(CNS): Local government officials have begun working on a national plan to tackle the growing, global problem of antibiotic resistance. One of the first steps is to measure how much people in Cayman already know about the problem, which is caused by a catalogue of issues, such as the use of antibiotics in food and the over-prescription by doctors. The Cayman Islands, like all other countries, will need to take steps to combat the phenomenon of antimicrobial resistance (AMR) that has led to a troubling increase in the ineffectiveness of drugs used to treat and prevent infections in humans and animals.
The health ministry, the Public Health Department, and the Department of Agriculture have joined forces to work on a plan, as recommended by the World Health Organisation (WHO) and the Pan-American Health Organisation (PAHO), to deal with AMR and reduce antibiotic use.
AMR occurs when bacteria, parasites, viruses or fungi change in response to the use of these medications. DoA veterinary officer Dr Samantha Dorman said the primary cause is the over-use of medications for human and animal health.
Globally, over-use of antibiotics in livestock rearing, fish farming and plant production contribute to the development of anti-microbial resistance, as well as the misuse of antibiotics by patients who don’t finish a prescribed course.
The spread of resistant infections is assisted by lack of vaccinations, poor on-farm biosecurity measures and sub-standard hygiene practices in hospitals and during cooking. Dorman said that locally, antibiotic use in agriculture is low and the DoA says antibiotics should only be used for treatment of infections and only under the supervision of a veterinarian.
But international organisations describe AMR as potentially the most concerning public health and economic threat of the 21st century. They also estimate that without serious intervention, by 2050 death tolls from resistant infections could reach 10 million annually, with an associated financial burden of US$100 trillion. However, there is reason to believe that if people become more aware, the use of antibiotics can be reduced.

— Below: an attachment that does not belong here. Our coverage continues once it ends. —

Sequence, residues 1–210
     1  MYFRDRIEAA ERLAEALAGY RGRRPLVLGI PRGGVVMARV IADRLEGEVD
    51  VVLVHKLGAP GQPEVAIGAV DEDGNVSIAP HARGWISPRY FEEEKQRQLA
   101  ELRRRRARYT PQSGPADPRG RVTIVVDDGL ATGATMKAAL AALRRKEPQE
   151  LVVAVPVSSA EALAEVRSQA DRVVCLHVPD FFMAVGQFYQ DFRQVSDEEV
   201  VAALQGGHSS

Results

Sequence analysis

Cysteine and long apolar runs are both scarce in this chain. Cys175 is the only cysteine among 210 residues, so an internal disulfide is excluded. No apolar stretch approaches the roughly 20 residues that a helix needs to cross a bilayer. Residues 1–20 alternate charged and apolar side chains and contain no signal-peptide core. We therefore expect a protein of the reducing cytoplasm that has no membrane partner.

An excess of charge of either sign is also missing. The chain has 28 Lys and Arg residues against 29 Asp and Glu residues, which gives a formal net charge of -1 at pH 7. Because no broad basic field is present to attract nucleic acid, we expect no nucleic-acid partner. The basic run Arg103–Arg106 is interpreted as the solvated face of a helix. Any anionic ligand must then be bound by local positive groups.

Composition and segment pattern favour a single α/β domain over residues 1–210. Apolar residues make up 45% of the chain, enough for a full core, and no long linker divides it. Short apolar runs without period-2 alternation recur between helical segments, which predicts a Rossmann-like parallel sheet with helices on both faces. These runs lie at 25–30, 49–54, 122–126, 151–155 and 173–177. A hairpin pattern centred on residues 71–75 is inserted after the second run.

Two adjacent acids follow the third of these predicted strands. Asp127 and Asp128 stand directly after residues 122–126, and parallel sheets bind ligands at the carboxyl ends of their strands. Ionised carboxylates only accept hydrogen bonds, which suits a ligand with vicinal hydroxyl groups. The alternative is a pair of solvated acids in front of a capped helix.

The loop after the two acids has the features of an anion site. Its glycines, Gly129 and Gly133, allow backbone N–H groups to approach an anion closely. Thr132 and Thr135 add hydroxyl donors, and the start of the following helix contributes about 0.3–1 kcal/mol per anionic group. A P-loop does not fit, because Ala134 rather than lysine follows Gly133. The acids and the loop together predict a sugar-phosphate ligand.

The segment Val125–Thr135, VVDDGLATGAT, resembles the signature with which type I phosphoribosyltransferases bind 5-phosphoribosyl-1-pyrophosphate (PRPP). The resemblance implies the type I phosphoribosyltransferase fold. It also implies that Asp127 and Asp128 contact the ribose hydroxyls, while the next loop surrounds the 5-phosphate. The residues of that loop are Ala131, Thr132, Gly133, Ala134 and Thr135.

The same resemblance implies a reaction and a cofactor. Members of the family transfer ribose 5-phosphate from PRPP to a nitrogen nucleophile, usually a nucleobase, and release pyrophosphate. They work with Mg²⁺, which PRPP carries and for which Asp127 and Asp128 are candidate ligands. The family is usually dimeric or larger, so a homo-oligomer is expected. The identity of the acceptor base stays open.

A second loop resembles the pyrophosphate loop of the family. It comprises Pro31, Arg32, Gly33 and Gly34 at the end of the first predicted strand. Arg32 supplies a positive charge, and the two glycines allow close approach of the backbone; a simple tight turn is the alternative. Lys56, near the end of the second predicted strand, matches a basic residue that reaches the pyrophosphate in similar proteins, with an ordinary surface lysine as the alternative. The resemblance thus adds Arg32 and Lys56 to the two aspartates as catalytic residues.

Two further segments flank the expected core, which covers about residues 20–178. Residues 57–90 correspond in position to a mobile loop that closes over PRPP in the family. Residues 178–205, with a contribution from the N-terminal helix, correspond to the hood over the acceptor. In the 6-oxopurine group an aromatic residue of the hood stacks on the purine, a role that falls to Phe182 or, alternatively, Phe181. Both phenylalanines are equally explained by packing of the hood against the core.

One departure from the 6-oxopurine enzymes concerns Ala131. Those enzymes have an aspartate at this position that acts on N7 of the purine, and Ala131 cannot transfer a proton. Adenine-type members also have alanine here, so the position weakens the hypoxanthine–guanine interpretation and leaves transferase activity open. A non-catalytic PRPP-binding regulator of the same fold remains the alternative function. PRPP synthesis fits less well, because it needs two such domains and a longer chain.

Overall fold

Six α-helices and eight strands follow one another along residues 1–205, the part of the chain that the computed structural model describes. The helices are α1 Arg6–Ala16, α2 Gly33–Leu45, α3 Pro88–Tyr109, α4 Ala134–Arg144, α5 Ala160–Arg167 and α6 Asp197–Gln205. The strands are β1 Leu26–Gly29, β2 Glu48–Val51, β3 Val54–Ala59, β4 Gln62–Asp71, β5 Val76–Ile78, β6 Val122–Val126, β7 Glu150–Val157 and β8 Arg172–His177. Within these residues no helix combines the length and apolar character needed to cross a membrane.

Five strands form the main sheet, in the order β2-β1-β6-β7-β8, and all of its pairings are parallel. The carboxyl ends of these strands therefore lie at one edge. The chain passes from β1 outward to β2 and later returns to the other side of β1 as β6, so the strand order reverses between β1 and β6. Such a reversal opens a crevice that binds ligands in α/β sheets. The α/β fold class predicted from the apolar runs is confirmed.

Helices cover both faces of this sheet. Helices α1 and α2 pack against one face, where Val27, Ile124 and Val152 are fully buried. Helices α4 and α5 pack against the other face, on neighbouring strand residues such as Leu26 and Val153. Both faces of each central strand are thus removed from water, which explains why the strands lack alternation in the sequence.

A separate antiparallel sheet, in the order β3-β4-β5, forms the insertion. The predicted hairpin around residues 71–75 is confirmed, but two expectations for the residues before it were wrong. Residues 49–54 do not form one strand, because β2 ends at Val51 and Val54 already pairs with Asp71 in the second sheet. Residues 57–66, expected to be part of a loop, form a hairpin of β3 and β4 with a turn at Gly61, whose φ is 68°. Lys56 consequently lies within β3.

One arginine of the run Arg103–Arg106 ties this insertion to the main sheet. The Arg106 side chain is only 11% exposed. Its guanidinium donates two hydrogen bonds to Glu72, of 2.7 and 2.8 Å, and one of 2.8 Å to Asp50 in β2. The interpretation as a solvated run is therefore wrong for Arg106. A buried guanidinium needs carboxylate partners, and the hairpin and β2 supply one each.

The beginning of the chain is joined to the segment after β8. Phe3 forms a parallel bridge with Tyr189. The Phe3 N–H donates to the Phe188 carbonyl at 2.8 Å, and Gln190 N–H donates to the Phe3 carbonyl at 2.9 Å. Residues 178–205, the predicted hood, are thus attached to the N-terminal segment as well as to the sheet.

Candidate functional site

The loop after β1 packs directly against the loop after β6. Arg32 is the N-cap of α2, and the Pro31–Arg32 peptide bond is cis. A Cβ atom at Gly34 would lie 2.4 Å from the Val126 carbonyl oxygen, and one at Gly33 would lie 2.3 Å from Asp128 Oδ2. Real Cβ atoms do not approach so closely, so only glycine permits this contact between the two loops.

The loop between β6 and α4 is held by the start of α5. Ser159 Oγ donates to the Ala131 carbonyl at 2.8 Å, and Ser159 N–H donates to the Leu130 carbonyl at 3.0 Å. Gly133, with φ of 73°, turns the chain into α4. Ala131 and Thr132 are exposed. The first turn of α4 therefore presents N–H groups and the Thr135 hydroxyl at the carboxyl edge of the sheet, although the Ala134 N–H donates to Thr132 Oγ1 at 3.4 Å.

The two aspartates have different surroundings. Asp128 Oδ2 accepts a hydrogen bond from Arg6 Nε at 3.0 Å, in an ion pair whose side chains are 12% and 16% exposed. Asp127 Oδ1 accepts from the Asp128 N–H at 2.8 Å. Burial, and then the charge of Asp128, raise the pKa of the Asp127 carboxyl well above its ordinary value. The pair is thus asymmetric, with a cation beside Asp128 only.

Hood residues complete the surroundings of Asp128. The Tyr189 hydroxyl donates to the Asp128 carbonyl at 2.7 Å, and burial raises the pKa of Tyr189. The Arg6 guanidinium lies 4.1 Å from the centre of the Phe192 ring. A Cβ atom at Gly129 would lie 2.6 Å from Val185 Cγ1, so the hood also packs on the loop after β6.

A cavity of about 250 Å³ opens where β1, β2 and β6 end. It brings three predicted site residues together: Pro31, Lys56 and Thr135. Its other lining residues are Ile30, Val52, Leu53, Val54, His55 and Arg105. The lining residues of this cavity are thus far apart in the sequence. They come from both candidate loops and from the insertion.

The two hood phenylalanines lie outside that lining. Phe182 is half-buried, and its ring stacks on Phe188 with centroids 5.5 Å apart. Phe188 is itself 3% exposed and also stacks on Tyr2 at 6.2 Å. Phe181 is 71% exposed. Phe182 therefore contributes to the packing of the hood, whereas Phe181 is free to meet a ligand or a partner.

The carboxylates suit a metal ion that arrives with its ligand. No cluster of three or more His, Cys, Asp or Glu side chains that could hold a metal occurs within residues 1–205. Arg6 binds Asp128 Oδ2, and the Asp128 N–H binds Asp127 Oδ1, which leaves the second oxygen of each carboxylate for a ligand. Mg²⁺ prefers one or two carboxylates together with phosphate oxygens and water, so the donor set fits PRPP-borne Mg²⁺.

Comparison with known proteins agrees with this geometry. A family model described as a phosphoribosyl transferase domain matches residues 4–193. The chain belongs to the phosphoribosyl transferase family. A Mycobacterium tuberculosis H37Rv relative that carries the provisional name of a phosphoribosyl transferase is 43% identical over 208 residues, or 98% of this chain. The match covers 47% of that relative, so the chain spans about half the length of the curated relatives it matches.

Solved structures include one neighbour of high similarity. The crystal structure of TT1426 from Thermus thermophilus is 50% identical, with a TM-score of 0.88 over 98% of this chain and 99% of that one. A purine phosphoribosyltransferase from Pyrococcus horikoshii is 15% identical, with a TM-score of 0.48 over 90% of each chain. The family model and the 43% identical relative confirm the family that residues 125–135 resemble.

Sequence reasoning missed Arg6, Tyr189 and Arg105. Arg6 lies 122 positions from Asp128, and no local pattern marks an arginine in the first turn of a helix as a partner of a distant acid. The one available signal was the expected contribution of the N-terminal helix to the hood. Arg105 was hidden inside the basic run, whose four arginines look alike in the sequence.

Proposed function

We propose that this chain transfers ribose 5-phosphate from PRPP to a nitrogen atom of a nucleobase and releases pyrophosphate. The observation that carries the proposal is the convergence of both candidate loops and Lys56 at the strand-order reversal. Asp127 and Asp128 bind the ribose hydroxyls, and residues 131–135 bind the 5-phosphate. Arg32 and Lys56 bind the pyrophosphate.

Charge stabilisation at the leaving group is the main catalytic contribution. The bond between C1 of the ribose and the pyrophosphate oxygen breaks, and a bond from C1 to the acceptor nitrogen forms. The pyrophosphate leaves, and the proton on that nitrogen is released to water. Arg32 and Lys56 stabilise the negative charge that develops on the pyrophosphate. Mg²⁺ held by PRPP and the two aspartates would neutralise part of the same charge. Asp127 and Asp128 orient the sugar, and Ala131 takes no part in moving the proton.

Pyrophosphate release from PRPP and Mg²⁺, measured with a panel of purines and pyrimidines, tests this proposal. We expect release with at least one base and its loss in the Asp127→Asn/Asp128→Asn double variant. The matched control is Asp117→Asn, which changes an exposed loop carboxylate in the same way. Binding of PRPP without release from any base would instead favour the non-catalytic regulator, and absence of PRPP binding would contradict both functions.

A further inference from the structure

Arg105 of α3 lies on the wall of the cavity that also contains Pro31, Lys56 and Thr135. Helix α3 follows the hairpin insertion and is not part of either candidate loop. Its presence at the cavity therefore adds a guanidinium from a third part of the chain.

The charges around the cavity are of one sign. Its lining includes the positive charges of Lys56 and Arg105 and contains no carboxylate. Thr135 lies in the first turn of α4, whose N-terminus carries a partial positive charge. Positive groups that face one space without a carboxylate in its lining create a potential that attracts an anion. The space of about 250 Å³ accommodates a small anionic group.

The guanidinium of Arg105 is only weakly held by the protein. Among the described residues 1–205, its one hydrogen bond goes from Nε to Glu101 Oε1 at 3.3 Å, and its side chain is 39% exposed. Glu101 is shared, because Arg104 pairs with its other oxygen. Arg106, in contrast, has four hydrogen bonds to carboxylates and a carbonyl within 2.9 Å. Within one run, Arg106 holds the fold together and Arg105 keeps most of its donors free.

“It is not too late to reduce the impact of resistance to antibiotics and other antimicrobial medicines, and we all have a part to play in preserving their effectiveness,” Dr Dorman added.
The Health Services Authority (HSA) lab monitors for AMR in the human population on a regular basis and shares its findings with local physicians every six months. Among other things, a national action plan development process will seek to gain better insight into the severity of any local problem and the specific drivers of resistance.
Following a request from the World Organisation for Animal Health (OIE), the Department of Agriculture has started collecting information on the amounts of antibiotics used in animals by the various animal institutions on-island, and will continue to monitor this on an annual basis. The OIE’s objective is to develop a global database on the use of antimicrobial agents in animals.
Members of the national action plan development working group held their first meeting last month. The team consists of public health, pharmacy, agriculture, infection control, laboratory, and environmental health personnel. It has been tasked by the WHO and PAHO with creating an AMR national action plan draft by the end of May this year. Representatives say they are well on their way to achieving this goal.
The group is now reaching out to the general public through an online survey to gauge existing knowledge about practices that increase the risk and spread of AMR.
The survey can be accessed here
Hard copies of the survey are available at all public health district clinics, at the general practice and public health desks at the Cayman Islands Hospital, at Faith Hospital in Cayman Brac, and the clinic in Little Cayman.
Additional details are available from the Department of Agriculture at 947-3090, email [email protected], or the Public Health Department at 244-2621 or 244-2561.